If GoDaddy Can Turn the Corner on Sexism, Who Can’t?
A few years after Blake Irving became chief executive of the internet company GoDaddy, he spoke at a conference where the jeers started almost immediately.
Attendees were particularly offended by GoDaddy’s history of sexist television commercials, which featured women in wet bikinis and innuendos so graphic some stations had refused the ads. But when Mr. Irving tried to explain that those advertisements, created by his predecessor, had been discontinued, and that he had been hired, in part, to change the firm’s culture, he was mocked.
“Every time Blake quotes Sheryl Sandberg or calls himself a feminist, throw something at his head,” one person shouted.
Which is why it was surprising when Mr. Irving appeared as a keynote speaker a year later, in 2015, at the Grace Hopper Celebration of Women in Computing — and received a standing ovation after detailing GoDaddy’s efforts to become one of the most inclusive companies in tech.
By then, GoDaddy had been recognized as being among the nation’s top workplaces for women in tech. The company’s policies on equal pay, its methods for recruiting a diverse work force and its approach to promoting women and minorities had been lauded inside business schools and imitated at other firms.
Today, as Silicon Valley sexism again draws attention, it’s worth studying those shifts at GoDaddy. There’s a regular procession of headlines about sexual harassment scandals at venture capital firms and large tech companies. But learning to address this problem requires studying where things have gotten better, as well. And GoDaddy has become, surprisingly, a lodestar among gender equity advocates — an example of how even regressive cultures can change.
So what did GoDaddy do right?
The answer is more complicated than just stamping out overt sexism. GoDaddy also focused on attacking the small, subtle biases that can influence everything from how executives evaluate employees to how they set salaries.
“The most important thing we did was normalize acknowledging that everyone has biases, whether they recognize them or not,” said Debra Weissman, a senior vice president at the company. “We had to make it O.K. for people to say, ‘I think I’m being unintentionally unfair.’”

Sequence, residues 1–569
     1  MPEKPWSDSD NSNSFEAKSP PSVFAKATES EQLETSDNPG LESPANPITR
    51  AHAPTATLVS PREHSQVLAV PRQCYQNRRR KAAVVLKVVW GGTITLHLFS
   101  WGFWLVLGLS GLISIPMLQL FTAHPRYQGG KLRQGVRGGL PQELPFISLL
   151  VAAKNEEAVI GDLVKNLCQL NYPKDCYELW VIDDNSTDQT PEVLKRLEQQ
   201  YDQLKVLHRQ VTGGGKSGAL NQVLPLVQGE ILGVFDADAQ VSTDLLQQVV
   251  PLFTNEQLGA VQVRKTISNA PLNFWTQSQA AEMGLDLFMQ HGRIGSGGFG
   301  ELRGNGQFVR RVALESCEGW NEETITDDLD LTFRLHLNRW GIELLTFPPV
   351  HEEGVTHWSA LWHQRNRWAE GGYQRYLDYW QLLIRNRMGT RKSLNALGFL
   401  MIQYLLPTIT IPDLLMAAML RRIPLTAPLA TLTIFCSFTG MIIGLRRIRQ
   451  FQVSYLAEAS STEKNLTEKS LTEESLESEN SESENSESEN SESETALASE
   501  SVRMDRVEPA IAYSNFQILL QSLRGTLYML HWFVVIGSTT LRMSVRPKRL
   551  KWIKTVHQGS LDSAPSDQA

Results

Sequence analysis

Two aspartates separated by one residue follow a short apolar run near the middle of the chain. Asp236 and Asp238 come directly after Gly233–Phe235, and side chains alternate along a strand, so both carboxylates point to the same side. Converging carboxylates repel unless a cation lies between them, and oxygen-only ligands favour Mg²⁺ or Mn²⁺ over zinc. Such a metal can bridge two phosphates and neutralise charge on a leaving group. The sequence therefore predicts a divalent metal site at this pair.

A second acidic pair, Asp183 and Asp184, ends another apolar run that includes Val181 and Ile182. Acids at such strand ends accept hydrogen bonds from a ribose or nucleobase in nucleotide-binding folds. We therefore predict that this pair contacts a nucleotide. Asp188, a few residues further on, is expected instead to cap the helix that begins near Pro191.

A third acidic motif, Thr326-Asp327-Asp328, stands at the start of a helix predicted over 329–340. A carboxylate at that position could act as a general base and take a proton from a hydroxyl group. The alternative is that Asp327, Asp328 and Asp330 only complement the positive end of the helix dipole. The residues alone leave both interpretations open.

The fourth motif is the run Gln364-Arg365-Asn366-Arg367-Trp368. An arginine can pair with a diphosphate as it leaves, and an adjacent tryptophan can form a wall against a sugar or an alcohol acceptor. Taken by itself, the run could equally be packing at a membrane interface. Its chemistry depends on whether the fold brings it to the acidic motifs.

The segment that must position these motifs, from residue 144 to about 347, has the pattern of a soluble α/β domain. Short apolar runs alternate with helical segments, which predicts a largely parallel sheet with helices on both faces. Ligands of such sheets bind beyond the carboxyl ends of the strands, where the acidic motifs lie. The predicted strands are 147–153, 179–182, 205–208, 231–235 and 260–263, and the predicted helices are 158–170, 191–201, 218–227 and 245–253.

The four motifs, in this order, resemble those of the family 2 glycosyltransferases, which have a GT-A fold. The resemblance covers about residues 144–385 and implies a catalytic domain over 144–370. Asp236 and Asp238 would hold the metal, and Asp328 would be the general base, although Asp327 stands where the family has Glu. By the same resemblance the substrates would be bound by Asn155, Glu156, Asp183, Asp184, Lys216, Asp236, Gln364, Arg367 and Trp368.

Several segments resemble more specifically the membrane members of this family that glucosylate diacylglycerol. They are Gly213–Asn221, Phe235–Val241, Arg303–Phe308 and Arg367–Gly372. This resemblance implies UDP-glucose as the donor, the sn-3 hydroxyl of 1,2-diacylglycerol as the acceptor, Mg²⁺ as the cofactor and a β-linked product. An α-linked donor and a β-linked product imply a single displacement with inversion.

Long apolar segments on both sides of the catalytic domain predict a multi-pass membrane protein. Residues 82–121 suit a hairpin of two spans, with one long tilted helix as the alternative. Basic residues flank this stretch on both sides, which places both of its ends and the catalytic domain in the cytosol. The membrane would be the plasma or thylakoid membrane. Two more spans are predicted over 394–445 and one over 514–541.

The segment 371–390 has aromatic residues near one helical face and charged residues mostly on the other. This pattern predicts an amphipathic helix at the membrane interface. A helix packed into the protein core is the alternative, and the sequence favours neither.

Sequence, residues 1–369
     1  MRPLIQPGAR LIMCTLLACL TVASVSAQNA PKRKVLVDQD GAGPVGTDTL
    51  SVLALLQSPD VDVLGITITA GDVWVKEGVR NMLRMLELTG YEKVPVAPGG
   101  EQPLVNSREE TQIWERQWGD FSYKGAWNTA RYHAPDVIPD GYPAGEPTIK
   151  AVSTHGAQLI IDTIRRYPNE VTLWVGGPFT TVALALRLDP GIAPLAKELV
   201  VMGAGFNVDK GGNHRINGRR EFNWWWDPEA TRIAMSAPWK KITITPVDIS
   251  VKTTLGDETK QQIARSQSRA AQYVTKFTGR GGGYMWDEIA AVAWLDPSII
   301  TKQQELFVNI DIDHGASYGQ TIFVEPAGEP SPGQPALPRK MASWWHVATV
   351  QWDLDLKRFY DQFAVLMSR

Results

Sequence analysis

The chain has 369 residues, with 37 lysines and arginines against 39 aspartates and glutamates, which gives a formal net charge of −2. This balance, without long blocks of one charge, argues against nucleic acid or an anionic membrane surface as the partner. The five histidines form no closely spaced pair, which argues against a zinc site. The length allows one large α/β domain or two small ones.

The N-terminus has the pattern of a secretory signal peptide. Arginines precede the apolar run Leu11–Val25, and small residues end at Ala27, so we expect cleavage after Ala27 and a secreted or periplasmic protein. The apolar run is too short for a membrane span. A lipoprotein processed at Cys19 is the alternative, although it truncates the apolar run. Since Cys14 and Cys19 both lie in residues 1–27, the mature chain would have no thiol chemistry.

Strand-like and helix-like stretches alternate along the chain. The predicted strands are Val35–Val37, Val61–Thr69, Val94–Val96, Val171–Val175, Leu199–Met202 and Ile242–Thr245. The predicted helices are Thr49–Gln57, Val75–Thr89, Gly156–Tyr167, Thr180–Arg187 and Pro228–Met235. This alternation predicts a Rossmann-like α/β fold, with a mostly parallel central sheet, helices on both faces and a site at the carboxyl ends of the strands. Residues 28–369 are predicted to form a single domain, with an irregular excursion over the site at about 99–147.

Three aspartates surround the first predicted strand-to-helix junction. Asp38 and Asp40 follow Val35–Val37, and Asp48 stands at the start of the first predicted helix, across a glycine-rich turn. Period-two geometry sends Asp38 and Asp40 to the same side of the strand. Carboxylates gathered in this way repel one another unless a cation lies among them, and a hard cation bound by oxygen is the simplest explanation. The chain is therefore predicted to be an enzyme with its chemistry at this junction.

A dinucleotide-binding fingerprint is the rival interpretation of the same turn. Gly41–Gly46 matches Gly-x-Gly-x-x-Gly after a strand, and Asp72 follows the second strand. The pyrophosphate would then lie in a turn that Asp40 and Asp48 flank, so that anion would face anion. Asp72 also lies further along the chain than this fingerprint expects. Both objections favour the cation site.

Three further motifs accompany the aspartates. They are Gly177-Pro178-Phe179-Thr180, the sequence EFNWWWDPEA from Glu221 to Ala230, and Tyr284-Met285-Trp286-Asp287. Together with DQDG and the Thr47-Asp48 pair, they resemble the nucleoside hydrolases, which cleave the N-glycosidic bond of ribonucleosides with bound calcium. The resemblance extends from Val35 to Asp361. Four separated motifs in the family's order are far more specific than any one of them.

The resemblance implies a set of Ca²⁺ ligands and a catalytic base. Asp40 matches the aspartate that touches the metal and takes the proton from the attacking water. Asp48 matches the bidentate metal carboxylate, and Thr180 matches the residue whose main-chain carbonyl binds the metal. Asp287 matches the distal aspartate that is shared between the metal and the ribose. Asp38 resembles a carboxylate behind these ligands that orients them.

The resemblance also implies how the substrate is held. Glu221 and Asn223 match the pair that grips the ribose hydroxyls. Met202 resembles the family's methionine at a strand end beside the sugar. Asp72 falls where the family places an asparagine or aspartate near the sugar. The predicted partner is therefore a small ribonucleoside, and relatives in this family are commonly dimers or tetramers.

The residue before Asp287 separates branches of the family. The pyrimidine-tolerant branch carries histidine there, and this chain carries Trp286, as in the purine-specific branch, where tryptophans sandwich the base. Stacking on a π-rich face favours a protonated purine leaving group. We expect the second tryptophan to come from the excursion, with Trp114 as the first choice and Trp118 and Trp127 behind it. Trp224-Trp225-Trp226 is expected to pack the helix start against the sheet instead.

Though GoDaddy still has work to do, the company is “evidence that things can change,” said Lori Mackenzie, executive director of the Clayman Institute for Gender Research at Stanford, which has worked with the firm. “Oftentimes, what keeps companies from shifting is believing the existing system is already fair. Blake is really committed to undermining that.”
When Mr. Irving joined GoDaddy in 2013, the firm was succeeding by selling a commodity — website registration and hosting — through outrageous, scandalous ads, such as a 2005 Super Bowl commercial where a woman’s top kept coming undone while observers discussed her plastic surgery. Those ads were deliberately designed to attract attention through controversy. Today, GoDaddy is worth over $7 billion.
The offensive advertising, however, was demoralizing to GoDaddy’s staff, employees from that period say, and the salaciousness, at times, spilled into the workplace. Staff members describe a hard-charging culture where people drank in the office and participated in and gossiped about interoffice affairs. There was a sexual harassment lawsuit in 2009, later dismissed, and websites like NoDaddy.com, where employees described misbehavior.
Upon becoming chief executive, Mr. Irving immediately decreed that GoDaddy would no longer run sexist ads, and reiterated the company’s commitment to combating workplace discrimination. In part, this was good business: Many of the nation’s small-business owners — the customers GoDaddy hoped to attract — are female. Mr. Irving, who had previously been a high-ranking executive at Microsoft and Yahoo, also felt GoDaddy was failing to attract talented engineers and executives — including women and minorities — who were alienated by the firm’s image.
But to genuinely transform GoDaddy, executives decided, they needed to convince the company’s 3,500 employees, most of whom thought of themselves as fair and good people, that even a seemingly impartial workplace can be discriminatory.
“We needed to become the most inclusive company in tech,” said Mr. Irving. “We had to erase the idea that meritocracy is enough.”
Some of the problems applicants and workers faced were subtle. For years, for instance, GoDaddy’s job descriptions were needlessly aggressive, saying the company was looking for “rock stars,” “code ninjas,” engineers who could “knock it out of the park” or “wrestle problems to the ground.”
Moreover, when GoDaddy’s human resource department began reviewing how the company analyzed leadership capacities, it found that women systematically scored lower because they were more likely to emphasize past team accomplishments and use sentences like “we exceeded our goals.” Men, in contrast, were more likely to use the word “I” and stress individual performance.
“There’s a lot of little things people don’t usually notice,” said Katee Van Horn, GoDaddy’s vice president for engagement and inclusion. “But they add up. They reinforce these biases you might not even realize you have.”